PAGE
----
NEW YORK — A surprisingly dismal report on the country's all-important service sector sent the stock market tumbling Tuesday and suggested to some analysts that the Federal Reserve would keep up its torrid pace of cutting interest rates.
The Dow Jones industrial average skidded more than 370 points after an index designed to give a sense of service-sector activity plummeted to 41.9 in January from 54.4 the previous month. Readings above 50 signify growth in the sector, which accounts for about two-thirds of the U.S. economy. Readings below 50 point to contraction.
Economists had expected a slight easing to 52.5, but the far sharper decline raised the prospect that incipient economic weakness might be deeper and more widespread than previously thought.
"All of a sudden you have a very large portion of the economy not doing well," said Adolfo Laurenti, an economist at Mesirow Financial in Chicago. "The economy is slowing and weakening."
Wall Street was caught flat-footed, and the Dow slumped 370.03 points, or 2.9%, to 12,265.13. The Standard & Poor's 500 index sank 44.18 points, or 3.2%, to 1,336.64.
Asian markets plunged today as investors feared the U.S. economy was sliding into a recession that would sap demand for Asian exports. In Hong Kong, the benchmark index plunged more than 6% in midday trading, while Japan's Nikkei 225 index sank more than 4%.
Shares in Europe also tumbled, with key indexes sinking 2.6% in Britain, 3.4% in Germany and 3.9% in France.
Oil prices slid as traders bet that a slower economy would reduce energy demand. Crude futures declined $1.61 to $88.41 a barrel on the New York Mercantile Exchange.
The report from the Institute for Supply Management bolstered the prevailing expectation among investors that the Fed will cut interest rates by half a point at its next meeting March 18. Trading in interest-rate futures Tuesday indicated a 76% chance of a half-point cut, up from 68% odds Monday. The implied odds of a three-quarters-of-a-point chop were 24%, up from no chance Monday.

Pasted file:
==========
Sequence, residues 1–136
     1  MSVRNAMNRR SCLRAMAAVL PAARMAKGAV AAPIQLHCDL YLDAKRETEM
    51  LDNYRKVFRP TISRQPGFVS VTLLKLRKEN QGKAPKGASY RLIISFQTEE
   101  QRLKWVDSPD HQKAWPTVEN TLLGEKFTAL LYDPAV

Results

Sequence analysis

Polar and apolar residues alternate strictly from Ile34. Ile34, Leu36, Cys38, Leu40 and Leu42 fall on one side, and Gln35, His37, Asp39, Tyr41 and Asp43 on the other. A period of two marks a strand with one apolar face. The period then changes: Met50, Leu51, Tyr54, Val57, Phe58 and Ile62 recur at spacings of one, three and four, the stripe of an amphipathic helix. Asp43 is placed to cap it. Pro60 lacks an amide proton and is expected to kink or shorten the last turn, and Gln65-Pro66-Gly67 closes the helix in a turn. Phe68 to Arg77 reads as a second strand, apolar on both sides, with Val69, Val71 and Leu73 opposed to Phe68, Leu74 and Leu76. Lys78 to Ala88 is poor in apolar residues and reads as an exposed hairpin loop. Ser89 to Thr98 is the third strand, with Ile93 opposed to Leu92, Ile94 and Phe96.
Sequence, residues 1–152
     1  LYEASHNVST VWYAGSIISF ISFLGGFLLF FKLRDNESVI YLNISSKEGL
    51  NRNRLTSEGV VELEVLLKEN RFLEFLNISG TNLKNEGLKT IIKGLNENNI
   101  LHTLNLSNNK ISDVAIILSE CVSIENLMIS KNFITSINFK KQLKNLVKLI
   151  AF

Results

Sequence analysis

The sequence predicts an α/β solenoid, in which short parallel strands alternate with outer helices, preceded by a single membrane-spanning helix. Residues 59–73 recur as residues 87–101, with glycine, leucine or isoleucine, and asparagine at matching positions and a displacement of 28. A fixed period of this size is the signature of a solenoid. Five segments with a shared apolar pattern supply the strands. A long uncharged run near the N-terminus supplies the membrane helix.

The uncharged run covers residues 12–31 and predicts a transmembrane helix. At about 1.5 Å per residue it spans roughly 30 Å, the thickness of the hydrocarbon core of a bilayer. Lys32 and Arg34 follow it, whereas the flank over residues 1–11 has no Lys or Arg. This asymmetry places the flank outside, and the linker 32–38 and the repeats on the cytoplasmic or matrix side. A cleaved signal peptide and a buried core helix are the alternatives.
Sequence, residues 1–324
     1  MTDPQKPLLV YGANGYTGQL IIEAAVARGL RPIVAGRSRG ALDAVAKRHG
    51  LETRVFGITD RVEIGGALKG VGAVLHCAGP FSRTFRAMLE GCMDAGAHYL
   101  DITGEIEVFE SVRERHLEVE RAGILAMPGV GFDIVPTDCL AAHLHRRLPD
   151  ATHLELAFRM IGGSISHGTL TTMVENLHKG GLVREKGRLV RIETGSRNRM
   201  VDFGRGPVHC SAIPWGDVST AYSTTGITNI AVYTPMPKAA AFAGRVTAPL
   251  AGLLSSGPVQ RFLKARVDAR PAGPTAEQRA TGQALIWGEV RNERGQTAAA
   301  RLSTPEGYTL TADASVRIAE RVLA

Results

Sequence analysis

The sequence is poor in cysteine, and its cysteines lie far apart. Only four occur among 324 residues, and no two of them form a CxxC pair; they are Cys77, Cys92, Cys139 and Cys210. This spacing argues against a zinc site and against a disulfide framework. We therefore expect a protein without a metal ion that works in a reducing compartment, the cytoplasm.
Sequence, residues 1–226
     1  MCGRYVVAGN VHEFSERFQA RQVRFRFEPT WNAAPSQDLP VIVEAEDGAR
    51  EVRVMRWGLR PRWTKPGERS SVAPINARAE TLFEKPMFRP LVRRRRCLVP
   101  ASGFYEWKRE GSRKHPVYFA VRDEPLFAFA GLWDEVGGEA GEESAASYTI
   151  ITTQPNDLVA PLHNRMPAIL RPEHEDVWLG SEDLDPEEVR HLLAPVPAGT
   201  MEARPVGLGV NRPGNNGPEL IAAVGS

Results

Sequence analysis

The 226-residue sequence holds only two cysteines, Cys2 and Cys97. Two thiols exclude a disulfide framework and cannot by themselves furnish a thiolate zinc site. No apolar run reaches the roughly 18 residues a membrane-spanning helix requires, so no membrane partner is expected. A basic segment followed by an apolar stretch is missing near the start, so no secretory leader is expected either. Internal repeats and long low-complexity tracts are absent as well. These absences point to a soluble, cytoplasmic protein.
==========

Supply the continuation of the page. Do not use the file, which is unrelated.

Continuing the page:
Merrill Lynch said the central bank could act before the meeting by making an emergency cut as it did Jan. 22.
Other economists doubted that the Fed would move immediately, especially on of a single report that could prove to be an aberration. But if other data in the next few weeks also indicate a sharply contracting economy, the Fed probably would act, Laurenti said.
"The Fed might wait, but not that long," he said.
The central bank has power-blasted the economy with rate cuts, lowering its benchmark rate to 3% from 5.25% in September. The reductions included two cuts totaling 1.25 percentage points last month.
But the cheaper money has yet to alleviate fears about the economy's near-term outlook or to lift the gloom that has settled over the housing market.
The service-sector report cemented the impression left by other recent indicators, such as of job losses and trouble in manufacturing, that point to an economy in recession or headed that way.
The sharp sell-off dashed hopes created by last week's market rebound that stocks had bottomed out. Instead, some market watchers said, share prices are likely to thrash about in coming weeks until there are clearer signs about the direction of the economy.
"Usually markets don't make V-bottoms," said Charles Blood, director of strategy research at Brown Bros. Harriman & Co. in New York. "They go back and forth."
The deterioration in service industries erased lingering bullishness among some investors who had clung to hope that the economy was stronger than most recent numbers had indicated, said Peter Boockvar, equity strategist at New York brokerage house Miller Tabak & Co. in New York.
The Dow jumped 4.4% last week in anticipation of, and then in reaction to, the Fed's latest rate cut Jan. 30. But Boockvar said such strong advances were normal in declining markets as investors rush in to buy at low points only to see prices fall further.
"You have some violent short-term rallies that make people think the worst is over, but it's just a dead-cat bounce," he said.
The Dow is down 7.5% this year and 13% from its record high set in October. The S&P 500 has fallen 9% year to date and 15% since October. But both indexes are above where they were before last week's rally.
In other market highlights:
* Declining issues outnumbered advancers by about 4 to 1 on the New York Stock Exchange.
* The technology-dominated Nasdaq composite index sank 73.28 points, or 3.1%, to 2,309.57. The Russell 2,000 index of smaller companies fell 21.88 points, or 3%, to 701.58.
* Bond yields slumped as investors sought the safety of government-backed debt. The yield on the benchmark 10-year Treasury note fell to 3.56% from 3.64% late Monday. The dollar rose against other major currencies while gold prices fell.